What’s behind the Greenback?

It became clear to President Abraham Lincoln in 1861 that the War Between the States was going to be both costly and lengthy. So, how was the U.S. government going to pay for the fight to save the Union?


Prior to the war, only gold and silver coins were legal tender. Paper bank notes were privately issued by banks and redeemable for gold and silver but could easily become worthless if an individual bank failed.

Lincoln turned to his Secretary of the Treasury, Salmon Portland Chase, to find a way to fund the Civil War.

Originally from New Hampshire, Salmon P. Chase had moved west and practiced law in Cincinnati, Ohio. He was a a staunch abolitionist and devout Christian. Moving into politics, Chase was known as the “Attorney General for Fugitive Slaves”. He also attempted to start a new political organization, the Liberty Party, before joining forces with the Republican movement growing in influence in the northeastern states. Chase used his considerable influence in the Republican Party to fight for the end of slavery.

In 1860 as a Senator from Ohio, Chase served only a shot time before accepting Lincoln’s nomination to become Secretary of the Treasury. After the failing of talks to avoid secession, Chase was tasked with the daunting challenge of how to finance the inevitable costs of war between the North and South.

It was clear to Chase that the limited revenue coming from tariffs and excise taxes would not be enough to fund the mounting costs of the war and aside from having the federal government take on high interest loans from private banks, the war effort would soon fail.

On February 25, 1862, at the urging of Lincoln and Chase, Congress passed the Legal Tender Act. The legislation authorized the United States to circulate paper notes as legal tender throughout America. This new legal tender, not redeemable for gold or silver, was derisively dubbed “greenbacks” due to the green ink on the back of each note. Ultimately, the U.S. government would print more than $400 million to finance the war.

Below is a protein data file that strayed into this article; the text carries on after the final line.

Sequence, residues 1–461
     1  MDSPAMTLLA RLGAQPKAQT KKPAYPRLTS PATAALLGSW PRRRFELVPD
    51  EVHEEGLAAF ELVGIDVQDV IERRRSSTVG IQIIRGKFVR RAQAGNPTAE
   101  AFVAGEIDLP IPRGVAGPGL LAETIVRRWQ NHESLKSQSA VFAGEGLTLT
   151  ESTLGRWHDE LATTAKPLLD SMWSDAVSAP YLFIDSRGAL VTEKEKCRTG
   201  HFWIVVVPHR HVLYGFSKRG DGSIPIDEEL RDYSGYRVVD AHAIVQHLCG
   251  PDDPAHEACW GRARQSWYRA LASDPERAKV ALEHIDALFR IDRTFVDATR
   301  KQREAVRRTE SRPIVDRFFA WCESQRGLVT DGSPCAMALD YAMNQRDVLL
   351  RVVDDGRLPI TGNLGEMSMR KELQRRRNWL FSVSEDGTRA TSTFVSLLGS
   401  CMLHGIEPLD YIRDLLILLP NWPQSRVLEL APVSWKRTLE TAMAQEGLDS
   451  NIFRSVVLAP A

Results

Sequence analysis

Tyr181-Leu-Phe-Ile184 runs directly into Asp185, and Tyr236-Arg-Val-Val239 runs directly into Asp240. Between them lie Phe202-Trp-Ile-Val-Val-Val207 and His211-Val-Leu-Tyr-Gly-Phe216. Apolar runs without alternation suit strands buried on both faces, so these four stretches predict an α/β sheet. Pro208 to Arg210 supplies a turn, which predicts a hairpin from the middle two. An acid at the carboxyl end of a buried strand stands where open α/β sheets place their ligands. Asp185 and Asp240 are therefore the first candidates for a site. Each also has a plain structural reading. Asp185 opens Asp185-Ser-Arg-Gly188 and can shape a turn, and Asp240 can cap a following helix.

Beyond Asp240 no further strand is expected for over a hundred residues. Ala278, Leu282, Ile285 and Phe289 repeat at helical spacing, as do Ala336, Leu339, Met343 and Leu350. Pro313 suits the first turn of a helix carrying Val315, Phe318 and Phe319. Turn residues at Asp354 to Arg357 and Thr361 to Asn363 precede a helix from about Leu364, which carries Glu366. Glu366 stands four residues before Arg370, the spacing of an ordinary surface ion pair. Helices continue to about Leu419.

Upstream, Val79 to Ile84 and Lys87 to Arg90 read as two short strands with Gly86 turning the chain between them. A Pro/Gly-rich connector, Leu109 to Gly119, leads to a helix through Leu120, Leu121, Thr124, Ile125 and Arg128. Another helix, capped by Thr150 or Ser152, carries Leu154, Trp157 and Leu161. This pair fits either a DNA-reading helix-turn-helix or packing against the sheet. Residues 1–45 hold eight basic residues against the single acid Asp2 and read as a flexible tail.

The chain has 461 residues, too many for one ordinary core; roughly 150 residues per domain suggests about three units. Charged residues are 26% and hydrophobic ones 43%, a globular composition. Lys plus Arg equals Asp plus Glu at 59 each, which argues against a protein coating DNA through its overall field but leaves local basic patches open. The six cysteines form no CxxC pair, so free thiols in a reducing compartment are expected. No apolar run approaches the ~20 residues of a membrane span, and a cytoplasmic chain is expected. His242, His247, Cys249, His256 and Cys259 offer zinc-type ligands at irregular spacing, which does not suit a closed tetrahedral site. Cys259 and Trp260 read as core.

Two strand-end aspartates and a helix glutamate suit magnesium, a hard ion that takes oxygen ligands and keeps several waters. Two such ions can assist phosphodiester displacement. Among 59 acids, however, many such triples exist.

Salmon P. Chase is also credited with having the statement, “In God We Trust” adorn U.S. coins beginning in 1864.

President Lincoln appointed Chase to the Supreme Court where he served with distinction until his death in May of 1873. As Supreme Court Justice, Chase admitted the first African-American, attorney John Rock, to argue a case before the Supreme Court. Following Chase’s death in New York in 1873, his colleagues on the Supreme Court established the tradition of draping the chair of the deceased Justice’s seat with black crepe. In addition, Chase’s memory was honored by having his image engraved on the $1,000 bill. The Chase National Bank (now JP Morgan Chase) was named in his honor.

Certainly, Salmon Portland Chase lived a life of priceless service. He championed the cause of liberty, unity and freedom for every man. Let us remember the accomplishments and service of this remarkable man by his won words – “The law of the Creator, which invests every human being with an inalienable title to freedom, cannot be repealed by any interior law which asserts that man is property.”

It is cited in many publications that Salmon P. Chase was also a Freemason and active in Midwestern lodges but the GDM Museum has not found any publication stating the name and number of his home lodge.





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